REVIEW PAPER
Practical issues of regional anticoagulation during continuous renal replacement therapy
 
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1
Department of Anaesthesiology and Intensive Care, Regional Specialist Hospital in Olsztyn, Poland
2
Department of Anaesthesiology and Intensive Care, Faculty of Medicine, Collegium Medicum, University of Warmia and Mazury in Olsztyn, Poland
3
Department of Anaesthesiology and Intensive Care, University Clinical Hospital in Olsztyn, Poland
CORRESPONDING AUTHOR
Dariusz Onichimowski   

Wojewódzki Szpital Specjalistyczny w Olsztynie, Żołnierska 18, 10-561 Olsztyn, Poland. Tel.: +48 501 173 866.
Online publication date: 2019-11-24
Submission date: 2018-09-17
Acceptance date: 2019-08-05
 
Pol. Ann. Med. 2020;27(1):68–72
KEYWORDS
TOPICS
ABSTRACT
Introduction:
Extracorporeal blood purification techniques have become a well-established part of routine practice in intensive care units. The issue of major concern while applying these techniques is to ensure appropriate anticoagulation to prevent the clotting of the circuit.

Aim:
The aim of this paper is to present regional anticoagulation as a method which is currently used in continuous extracorporeal blood purification techniques.

Material and methods:
This work is based on the available literature and the authors’ experience.

Results and discussion:
Anticoagulation used to prevent the clotting of the circuit in extracorporeal blood purification techniques may be regional or systemic. Regional anticoagulation inhibits clotting only in the extracorporeal circuit. In this case either sodium citrate together with calcium substitution or heparin with protamine sulfate is used. Systemic anticoagulation involves the inhibition of clotting in the extracorporeal circuit and in the patient’s body. Regional citrate anticoagulation (RCA) is obtained with the use of citrate. With this technique calcium substitution is necessary in order to prevent hypocalcemia. Other possible complications include alkalosis, metabolic acidosis, hypercalcemia and hypomagnesemia. This paper presents also some practical aspects of regional anticoagulation during continuous renal replacement therapy (CRRT)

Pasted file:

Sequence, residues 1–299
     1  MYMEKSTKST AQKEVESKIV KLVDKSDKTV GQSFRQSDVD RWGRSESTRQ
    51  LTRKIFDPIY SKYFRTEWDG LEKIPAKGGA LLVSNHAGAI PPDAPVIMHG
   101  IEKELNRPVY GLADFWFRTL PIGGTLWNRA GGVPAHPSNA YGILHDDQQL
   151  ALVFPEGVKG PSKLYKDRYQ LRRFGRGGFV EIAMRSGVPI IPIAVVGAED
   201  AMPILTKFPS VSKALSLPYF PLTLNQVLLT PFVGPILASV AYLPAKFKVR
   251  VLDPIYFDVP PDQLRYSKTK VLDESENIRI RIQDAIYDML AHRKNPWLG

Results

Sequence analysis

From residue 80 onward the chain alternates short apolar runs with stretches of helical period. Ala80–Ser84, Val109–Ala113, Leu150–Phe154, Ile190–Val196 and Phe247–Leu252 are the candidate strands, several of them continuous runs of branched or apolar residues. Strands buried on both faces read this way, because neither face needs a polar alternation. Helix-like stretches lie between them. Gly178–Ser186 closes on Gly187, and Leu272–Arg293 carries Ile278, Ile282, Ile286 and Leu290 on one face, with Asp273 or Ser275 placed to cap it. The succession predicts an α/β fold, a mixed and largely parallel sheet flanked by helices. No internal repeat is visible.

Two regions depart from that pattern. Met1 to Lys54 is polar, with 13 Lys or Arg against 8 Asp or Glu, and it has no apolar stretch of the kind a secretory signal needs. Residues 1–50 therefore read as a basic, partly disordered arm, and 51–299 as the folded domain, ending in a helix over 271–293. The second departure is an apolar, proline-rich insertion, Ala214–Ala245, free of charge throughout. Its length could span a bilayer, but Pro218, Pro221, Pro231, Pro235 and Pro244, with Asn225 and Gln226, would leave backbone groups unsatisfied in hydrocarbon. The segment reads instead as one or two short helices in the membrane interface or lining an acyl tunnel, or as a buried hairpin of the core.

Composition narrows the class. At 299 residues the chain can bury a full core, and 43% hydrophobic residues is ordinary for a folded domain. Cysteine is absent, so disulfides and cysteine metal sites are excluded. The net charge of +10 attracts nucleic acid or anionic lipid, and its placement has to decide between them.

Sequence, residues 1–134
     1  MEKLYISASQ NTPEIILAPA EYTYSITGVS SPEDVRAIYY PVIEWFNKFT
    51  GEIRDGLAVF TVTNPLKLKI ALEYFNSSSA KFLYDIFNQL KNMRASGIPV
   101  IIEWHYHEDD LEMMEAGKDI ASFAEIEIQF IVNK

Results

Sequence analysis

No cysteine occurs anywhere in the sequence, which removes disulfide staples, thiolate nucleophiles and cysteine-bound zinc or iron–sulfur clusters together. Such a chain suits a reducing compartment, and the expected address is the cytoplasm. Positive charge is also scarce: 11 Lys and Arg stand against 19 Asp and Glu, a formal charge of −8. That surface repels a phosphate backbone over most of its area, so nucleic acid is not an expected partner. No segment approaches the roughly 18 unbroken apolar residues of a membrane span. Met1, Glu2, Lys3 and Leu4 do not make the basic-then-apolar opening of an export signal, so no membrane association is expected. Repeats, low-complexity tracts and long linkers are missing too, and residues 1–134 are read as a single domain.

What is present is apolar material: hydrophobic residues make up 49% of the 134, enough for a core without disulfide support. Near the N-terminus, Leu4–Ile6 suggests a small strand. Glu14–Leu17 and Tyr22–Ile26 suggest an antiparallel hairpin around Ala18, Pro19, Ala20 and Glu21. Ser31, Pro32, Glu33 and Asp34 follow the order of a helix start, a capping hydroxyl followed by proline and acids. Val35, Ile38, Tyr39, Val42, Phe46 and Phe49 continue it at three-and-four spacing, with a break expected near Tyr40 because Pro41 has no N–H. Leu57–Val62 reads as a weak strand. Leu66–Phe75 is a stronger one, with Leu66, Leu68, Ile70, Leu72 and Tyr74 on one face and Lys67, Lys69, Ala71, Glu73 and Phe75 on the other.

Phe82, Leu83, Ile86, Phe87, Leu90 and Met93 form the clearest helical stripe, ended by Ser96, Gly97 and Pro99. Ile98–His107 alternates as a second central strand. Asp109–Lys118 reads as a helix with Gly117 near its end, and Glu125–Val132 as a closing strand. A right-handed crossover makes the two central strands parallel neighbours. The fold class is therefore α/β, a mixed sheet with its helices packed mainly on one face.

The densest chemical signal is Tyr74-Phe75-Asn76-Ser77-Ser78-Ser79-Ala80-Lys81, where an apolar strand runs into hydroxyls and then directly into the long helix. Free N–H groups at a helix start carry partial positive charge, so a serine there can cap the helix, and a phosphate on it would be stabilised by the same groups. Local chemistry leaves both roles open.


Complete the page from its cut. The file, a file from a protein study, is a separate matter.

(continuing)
Conclusions:
The application of RCA has contributed to a wider use of CRRT in intensive therapy units. The greatest advantage of this method is almost complete elimination of bleeding complications associated with the therapy. It enables effective blood purification in the patients in whom the use of heparins is contraindicated. This fact has found confirmation in Kidney Disease: Improving Global Outcomes (KDIGO) guidelines.

CONFLICT OF INTEREST
Dariusz Onichimowski declares that he receives fee for lectures about similar subject from Fresenius Medical care. Others authors declare to have no potential conflict of interest.
FUNDING
None declared.
 
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